The Governor said the Bank would provide ‘whatever monetary support it can’ to help the economy.
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Bank of England boss Mark Carney has warned he would “guarantee” a sharp downgrade to UK growth in a no-deal Brexit, but said policymakers would provide all possible support to the economy.
The governor told MPs on the Treasury Select Committee it was certain the Bank’s next inflation report in May would forecast a “material” fall in growth if the UK quits the EU with no deal.
He said: “If we come back in May and if there’s no deal, no transition, I guarantee the path of GDP (gross domestic product) in our forecast will be materially lower.”
He suggested delaying Article 50 was still not a better option than a deal or transition period and cautioned uncertainty was likely to linger for at least a year after Brexit even if an agreement is struck.
But in signs of a row-back on previous warnings from the Bank that it could raise rates as high as 5.5% to contain a no-deal fallout, Mr Carney added it would provide “whatever monetary support it can” in the worst-case scenario.
In his annual report published alongside the Commons committee hearing, Mr Carney wrote that there was not an equal chance of rates being cut and raised in response to a no-deal Brexit.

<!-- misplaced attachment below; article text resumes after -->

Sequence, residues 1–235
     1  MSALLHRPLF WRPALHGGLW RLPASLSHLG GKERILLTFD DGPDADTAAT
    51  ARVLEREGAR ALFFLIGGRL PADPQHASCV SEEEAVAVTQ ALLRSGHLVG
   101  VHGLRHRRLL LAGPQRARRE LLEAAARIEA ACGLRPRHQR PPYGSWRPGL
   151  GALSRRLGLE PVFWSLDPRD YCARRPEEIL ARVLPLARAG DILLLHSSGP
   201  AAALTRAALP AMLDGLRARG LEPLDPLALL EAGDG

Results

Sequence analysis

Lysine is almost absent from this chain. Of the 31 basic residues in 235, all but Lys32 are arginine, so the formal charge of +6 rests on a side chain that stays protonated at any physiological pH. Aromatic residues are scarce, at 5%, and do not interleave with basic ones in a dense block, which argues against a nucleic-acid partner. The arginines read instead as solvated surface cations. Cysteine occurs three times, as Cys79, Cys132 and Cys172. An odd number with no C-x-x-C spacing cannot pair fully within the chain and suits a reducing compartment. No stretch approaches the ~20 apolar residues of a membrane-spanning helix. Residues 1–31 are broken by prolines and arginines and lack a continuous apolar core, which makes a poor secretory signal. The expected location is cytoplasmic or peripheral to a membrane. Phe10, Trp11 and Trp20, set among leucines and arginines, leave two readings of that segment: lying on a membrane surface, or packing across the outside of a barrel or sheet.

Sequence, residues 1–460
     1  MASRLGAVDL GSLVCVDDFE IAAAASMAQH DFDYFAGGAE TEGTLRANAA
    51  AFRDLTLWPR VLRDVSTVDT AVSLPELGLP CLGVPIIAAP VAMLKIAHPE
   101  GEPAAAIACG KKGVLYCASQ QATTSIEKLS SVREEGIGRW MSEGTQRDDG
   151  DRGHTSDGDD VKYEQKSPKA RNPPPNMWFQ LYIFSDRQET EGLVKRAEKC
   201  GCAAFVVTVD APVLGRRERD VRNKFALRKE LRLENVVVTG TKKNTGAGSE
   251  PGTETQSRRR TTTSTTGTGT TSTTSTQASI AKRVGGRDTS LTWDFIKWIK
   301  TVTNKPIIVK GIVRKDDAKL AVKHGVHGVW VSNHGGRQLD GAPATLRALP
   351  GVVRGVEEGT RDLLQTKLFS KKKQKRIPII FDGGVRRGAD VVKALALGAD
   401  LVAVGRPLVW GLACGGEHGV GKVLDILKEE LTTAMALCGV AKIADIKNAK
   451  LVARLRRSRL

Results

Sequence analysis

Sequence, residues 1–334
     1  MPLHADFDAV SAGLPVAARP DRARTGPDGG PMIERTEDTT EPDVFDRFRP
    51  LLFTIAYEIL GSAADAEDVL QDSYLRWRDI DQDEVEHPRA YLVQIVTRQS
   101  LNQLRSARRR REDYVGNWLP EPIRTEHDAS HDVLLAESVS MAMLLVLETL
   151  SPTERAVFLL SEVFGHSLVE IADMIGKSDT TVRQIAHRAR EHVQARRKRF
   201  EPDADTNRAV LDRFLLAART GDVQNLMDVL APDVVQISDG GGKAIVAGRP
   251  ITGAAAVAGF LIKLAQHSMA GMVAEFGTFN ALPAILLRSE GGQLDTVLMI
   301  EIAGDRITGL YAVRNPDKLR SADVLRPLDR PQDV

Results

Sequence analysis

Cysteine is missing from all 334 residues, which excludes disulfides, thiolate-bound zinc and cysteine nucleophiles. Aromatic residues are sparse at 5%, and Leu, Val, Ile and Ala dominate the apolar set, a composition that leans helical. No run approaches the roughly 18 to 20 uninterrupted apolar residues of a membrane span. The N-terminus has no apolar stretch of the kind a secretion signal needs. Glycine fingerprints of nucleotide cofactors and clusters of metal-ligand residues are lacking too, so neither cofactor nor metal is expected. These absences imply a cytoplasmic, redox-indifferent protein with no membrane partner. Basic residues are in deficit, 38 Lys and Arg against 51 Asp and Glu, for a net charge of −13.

It followed a recent speech by monetary policy committee member Gertjan Vlieghe confirming he believed it was more likely that rates would be cut than raised.
But Mr Carney cautioned MPs: “We’ll do what we can, but we shouldn’t over-sell what we can do.”
The comments came as the Bank also announced it would be allowing banks to access extra funds to ensure they do not run out of money amid Brexit.
It said it would hold weekly liquidity auctions from the start of March until the end of April, though Mr Carney said this was part of “normal contingency planning” and confirmed there were no current signs of funding issues.
MPs took the opportunity to press Mr Carney on the Bank’s views on delaying Brexit, with speculation mounting that the Government will opt to extend Article 50.
He said: “There’s a big difference between an extension of Article 50, even a long extension, and an agreement with a transition to a known end stage.
“Wherever we’re headed, it would serve the economy well to have a transition period to that new world.”
The Bank’s recent inflation report revealed the impact Brexit uncertainty is having on the economy, with the 2019 growth forecast slashed to 1.2% – the weakest for 10 years.
It has been hampering businesses investment for some time and is now taking its toll on consumer spending.
Mr Carney told MPs: “There is quite a marked diversion in terms of households’ views of their own financial circumstances, their own employment prospects and the general economic circumstances.
“That dichotomy is being manifested in fewer big ticket purchases, the housing market is not that active at present in terms of numbers of transactions, and obviously prices are very low.
“Auto sales have been relatively weak and other consumer durables have been relatively weak.”
Holly Williams is Press Association Deputy City Editor.